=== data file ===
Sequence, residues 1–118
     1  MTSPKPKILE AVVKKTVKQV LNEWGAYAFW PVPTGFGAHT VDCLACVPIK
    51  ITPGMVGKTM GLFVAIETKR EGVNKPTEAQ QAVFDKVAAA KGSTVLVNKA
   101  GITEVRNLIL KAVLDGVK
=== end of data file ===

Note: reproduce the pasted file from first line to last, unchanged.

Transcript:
Sequence, residues 1–118
     1  MTSPKPKILE AVVKKTVKQV LNEWGAYAFW PVPTGFGAHT VDCLACVPIK
    51  ITPGMVGKTM GLFVAIETKR EGVNKPTEAQ QAVFDKVAAA KGSTVLVNKA
   101  GITEVRNLIL KAVLDGVK